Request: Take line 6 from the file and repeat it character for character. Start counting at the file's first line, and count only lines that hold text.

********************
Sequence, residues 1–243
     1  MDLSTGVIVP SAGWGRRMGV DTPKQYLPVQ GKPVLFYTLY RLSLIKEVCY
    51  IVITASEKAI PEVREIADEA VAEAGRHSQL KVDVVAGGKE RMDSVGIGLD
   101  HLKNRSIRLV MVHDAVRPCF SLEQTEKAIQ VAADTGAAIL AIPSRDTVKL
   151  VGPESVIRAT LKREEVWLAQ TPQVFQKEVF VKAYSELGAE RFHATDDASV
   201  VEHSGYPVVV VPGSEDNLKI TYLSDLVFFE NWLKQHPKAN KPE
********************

   201  VEHSGYPVVV VPGSEDNLKI TYLSDLVFFE NWLKQHPKAN KPE